BRIXMIS had a very similar program to SANDDUNE called Operation Tamarisk. Tamarisk was equally successful and published accounts describe BRIXMIS team members not only digging through trash dumps but also through retired latrines and sites used for medical waste disposal. The examination of medical waste sites understandably proved to be challenging for mission members. “It was an extreme strain on the boys to do that job. But it did produce what might be called surgical memorabilia which linked the stuff to (Soviet) battle wounds.”5

The Holy Grail -- imagery of the inside of the highly secret T-64A was obtained by US and British missions.

The Holy Grail — imagery of the inside of the highly secret T-64A was obtained by US and British missions.

Perhaps the most significant find to result from SANDDUNE and Tamarisk efforts over the years was made near a Soviet Army barracks at Neustrelitz, in Northern East Germany in 1981. A Tamarisk operation conducted by three BRIXMIS team members “under the noses of sleeping (Soviet) sentries,”6 produced a personal logbook. The logbook was written in Russian and included technical drawings. According to a British Military Intelligence Officer who had knowledge of what the logbook contained and who subsequently debriefed the team that discovered it, “it was (at the time) the most important thing we have had from any source for ten years.”7 The logbook contained top-secret information detailing the composition of the armor and the strengths and weaknesses of the new Soviet T-64A. The logbook also contained the same type of information regarding the even newer and more mysterious T-80B MBT

via James Warford on the USMLM and the T-64 – Tank and AFV News.

You’ve probably heard of the greatest failure of USMLM, the incident in which the LNO was shot by a sentry, and then the Soviets denied him medical treatment until he bled out. (His driver subsequently went SF).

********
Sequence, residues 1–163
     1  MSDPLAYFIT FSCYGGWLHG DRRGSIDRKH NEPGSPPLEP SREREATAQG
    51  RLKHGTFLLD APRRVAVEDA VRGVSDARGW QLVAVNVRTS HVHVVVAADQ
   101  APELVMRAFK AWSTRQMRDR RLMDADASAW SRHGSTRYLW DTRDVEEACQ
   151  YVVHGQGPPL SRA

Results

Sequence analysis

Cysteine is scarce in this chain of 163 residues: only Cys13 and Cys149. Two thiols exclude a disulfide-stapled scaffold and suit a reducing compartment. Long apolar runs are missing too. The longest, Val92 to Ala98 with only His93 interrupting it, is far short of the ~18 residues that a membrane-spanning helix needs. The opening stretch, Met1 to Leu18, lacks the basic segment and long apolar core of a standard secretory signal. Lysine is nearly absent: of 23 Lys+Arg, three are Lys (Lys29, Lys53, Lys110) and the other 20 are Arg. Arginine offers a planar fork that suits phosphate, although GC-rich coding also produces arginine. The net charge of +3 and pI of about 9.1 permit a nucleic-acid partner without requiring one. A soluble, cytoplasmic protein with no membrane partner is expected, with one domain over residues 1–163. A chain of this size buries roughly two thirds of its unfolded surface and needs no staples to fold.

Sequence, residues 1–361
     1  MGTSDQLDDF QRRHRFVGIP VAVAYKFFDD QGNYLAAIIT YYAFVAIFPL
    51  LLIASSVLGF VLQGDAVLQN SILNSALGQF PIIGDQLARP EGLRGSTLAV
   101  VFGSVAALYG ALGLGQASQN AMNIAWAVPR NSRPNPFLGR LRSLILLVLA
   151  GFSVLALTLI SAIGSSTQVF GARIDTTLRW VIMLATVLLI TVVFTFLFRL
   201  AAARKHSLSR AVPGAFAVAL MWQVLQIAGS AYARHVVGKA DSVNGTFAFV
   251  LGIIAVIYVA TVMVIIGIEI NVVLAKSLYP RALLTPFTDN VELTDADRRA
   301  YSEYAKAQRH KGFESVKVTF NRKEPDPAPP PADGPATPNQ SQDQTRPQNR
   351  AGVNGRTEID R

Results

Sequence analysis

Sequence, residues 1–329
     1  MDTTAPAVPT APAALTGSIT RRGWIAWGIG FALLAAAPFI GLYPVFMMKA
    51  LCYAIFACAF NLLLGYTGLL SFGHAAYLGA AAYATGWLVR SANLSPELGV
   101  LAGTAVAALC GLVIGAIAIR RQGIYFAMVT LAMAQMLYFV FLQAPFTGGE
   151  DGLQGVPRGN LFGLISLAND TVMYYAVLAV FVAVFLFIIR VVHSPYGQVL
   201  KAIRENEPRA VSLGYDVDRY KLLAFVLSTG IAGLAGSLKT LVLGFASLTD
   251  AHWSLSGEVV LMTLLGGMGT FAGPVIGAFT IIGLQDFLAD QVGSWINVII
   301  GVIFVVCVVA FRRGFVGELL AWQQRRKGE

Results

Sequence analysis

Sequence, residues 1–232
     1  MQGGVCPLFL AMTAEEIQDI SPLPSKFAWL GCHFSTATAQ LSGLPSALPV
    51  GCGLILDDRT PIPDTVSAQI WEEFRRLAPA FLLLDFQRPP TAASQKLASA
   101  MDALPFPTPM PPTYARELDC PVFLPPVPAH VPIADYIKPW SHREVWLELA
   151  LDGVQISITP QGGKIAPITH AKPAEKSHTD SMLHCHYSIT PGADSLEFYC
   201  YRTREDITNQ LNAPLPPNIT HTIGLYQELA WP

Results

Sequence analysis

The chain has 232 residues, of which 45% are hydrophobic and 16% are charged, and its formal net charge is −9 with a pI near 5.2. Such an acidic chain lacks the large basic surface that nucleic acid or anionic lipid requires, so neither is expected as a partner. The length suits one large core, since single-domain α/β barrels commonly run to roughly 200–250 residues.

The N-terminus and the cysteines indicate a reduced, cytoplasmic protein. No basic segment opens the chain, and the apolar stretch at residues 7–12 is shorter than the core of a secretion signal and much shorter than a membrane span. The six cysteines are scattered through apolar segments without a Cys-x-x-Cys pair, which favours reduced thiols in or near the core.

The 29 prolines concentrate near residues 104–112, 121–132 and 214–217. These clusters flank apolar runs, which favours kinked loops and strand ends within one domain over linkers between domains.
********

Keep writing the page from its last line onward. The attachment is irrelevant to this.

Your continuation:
Soviet pass for a mission vehicle.

Soviet pass for a mission vehicle.

This story, because of its location and Warford’s interests, concentrates on technical intelligence about tanks. However, the USMLM, BRIXMIS, and the FMLM all collected military intelligence of all kinds: technical intelligence, imagery, and other disciplines, sources and methods that are best left in the vault, even though the military liaison missions are no more. And they did it against all arms and services. Mission-gained intelligence could often corroborate or leverage intelligence gathered through other means, and vice versa.

Interior of the pass. It is for a 1965 Ford Custom which was assembled in Mahwah, NJ with the 4-barrel 352 cid engine -- not, as frequently reported, a hi-po engine.

Interior of the pass. It is for a 1965 Ford Custom which was assembled in Mahwah, NJ with the 4-barrel 352 cid engine — not, as frequently reported, a hi-po engine.

Naturally, the Soviet Military Liaison Mission (SMLM) was doing the exact same to the West at the exact same time. Such was the Cold War!

The reason this report’s a bit schizophrenic, with Warford’s reports of 1980s effort and our comment on how they did it in the 1960s, is because we can also provide a 1964 historical report (the source of all these black and white pictures) which has been declassified. It was an interesting year, with the Soviets shooting down two US aircraft, casualties of the Cold War who are forgotten today.

USMLM 1964 Report.pdf

Very little seems to have changed in the practices and procedures of the USMLM, except that by the mid-80s they had American sedans and also West German vehicles, including Mercedes Geländewagen SUVs.

With the loss of the Soviet satellite/slave states in Eastern Europe, this mission came to an end, and both Western and Russian spooks had to find other ways to keep tabs on one another. Of course, they did. But during the Cold War of over forty years, they ran military liaison missions in each other’s back yard!